Harris, M., 1964, “Cell Culture and Somatic Variation,” Holt, Rinehart, and Winston, New York.Google Scholar
  126. 126.
    Harris, M., 1971, Mutation rates in cells at different ploidy levels. J. Cell. Physiol. 78: 177–184.PubMedGoogle Scholar
  127. 127.
    Harris, M., 1973, Phenotypic expression of drug resistance in hybrid cells, J. Nat. Cancer Inst. 50: 423–429.PubMedGoogle Scholar
  128. 128.
    Hasmi, S., May, S. R., Krooth, R. S., and Miller, O. J., 1975, Concurrent development of resistance to 6-azauridine and adenosine in a mouse cell line, J. Cell. • Physiol. 86: 191–200.Google Scholar
  129. 129.
    Hatzfeld, J., and Buttin, G., 1975, Temperature-sensitive cell cycle mutants of Chinese hamster cell line with a reversible block in cytokinesis, Cell 5: 123–129.PubMedGoogle Scholar
  130. 130.
    Henneberry, R. C., Fishman, P. H., and Freese, E., 1975, Morphological changes in cultured mammalian cells: Prevention by the calcium inophore A23187. Cell 5: 1–9.PubMedGoogle Scholar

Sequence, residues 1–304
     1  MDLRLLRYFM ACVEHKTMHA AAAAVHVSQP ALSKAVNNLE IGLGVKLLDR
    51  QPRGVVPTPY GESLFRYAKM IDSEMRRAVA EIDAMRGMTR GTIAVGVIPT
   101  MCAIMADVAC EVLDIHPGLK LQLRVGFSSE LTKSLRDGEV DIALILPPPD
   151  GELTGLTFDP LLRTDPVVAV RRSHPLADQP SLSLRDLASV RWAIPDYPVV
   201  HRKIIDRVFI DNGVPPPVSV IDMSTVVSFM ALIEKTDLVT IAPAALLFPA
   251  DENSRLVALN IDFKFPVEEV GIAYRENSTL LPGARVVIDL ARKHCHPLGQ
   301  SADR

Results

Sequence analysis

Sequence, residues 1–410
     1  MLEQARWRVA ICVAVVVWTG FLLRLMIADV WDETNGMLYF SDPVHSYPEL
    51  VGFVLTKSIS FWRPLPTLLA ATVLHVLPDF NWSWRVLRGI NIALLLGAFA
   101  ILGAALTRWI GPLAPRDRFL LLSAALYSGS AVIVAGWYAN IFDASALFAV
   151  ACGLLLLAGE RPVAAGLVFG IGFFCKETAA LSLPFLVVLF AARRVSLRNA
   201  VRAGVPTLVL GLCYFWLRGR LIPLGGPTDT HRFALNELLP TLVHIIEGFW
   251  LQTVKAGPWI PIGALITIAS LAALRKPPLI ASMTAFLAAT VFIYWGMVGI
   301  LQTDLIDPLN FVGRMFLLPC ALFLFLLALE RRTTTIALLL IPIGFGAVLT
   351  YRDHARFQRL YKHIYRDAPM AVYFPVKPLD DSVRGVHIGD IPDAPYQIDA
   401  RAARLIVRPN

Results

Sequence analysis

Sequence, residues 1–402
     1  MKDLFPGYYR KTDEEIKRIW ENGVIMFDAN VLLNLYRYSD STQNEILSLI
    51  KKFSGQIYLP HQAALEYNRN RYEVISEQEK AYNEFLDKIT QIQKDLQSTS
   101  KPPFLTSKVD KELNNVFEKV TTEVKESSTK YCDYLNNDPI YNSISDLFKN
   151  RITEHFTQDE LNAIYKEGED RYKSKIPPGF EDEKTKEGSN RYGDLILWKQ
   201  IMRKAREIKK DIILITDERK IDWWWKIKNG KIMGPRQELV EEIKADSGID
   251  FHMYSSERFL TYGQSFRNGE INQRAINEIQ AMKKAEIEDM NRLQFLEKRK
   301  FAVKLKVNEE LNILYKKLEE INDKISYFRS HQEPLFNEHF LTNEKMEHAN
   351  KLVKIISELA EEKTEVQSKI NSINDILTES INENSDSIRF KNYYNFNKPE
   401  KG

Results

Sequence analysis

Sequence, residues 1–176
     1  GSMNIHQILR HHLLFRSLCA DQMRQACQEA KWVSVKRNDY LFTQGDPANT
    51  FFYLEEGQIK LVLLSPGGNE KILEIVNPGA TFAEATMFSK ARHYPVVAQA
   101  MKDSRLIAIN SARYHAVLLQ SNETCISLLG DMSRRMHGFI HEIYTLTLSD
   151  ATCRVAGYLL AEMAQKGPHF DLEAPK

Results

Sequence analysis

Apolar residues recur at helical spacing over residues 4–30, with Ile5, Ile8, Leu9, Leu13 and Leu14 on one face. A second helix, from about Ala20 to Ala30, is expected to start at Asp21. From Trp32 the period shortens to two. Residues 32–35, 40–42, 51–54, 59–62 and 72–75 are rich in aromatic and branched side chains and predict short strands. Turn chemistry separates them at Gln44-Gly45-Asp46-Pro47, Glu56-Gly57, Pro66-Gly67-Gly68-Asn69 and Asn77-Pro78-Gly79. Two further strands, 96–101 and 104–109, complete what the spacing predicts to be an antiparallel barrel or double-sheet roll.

131. 131.
    Hochman, J., Insel, P. A., Boume, H. R., Coffino, P., and Tomkins, G. M., 1975, A structural gene mutation affecting the regulatory subunit of cyclic AMP-dependent protein kinase in mouse lymphoma cells. Proc. Natl. Acad. Sci. U.S.A. 72: 5051–5055.PubMedCentralPubMedGoogle Scholar
  132. 132.
    Hohmann, L. K., and Barnhart, B. J., 1975, A modified replicate plating technique for use in somatic cell mutant selection, J. Cell. Biol. 67: 176a.Google Scholar
  133. 133.
    Horst, J., Kluge, F., Beyreuther, K., and Gerok, W., 1975, Gene transfer to human cells: Transducing phage Xp lac gene expression in GM,-gangliosidosis fibroblasts, Proc. Natl. Acad. Sci. U.S.A. 72: 3531–3535.PubMedCentralPubMedGoogle Scholar
  134. 134.
    Hsie, A. W., Brimer, P. A., Mitchell, T. J., and Gosslee, D. G., 1975, The dose—response relationship for ethyl methanesulfonate-induced mutations at the hypoxanthine-guanine phosphoribosyltransferase locus in Chinese hamster ovary cells, Somatic Cell Genet. 1: 247–261.PubMedGoogle Scholar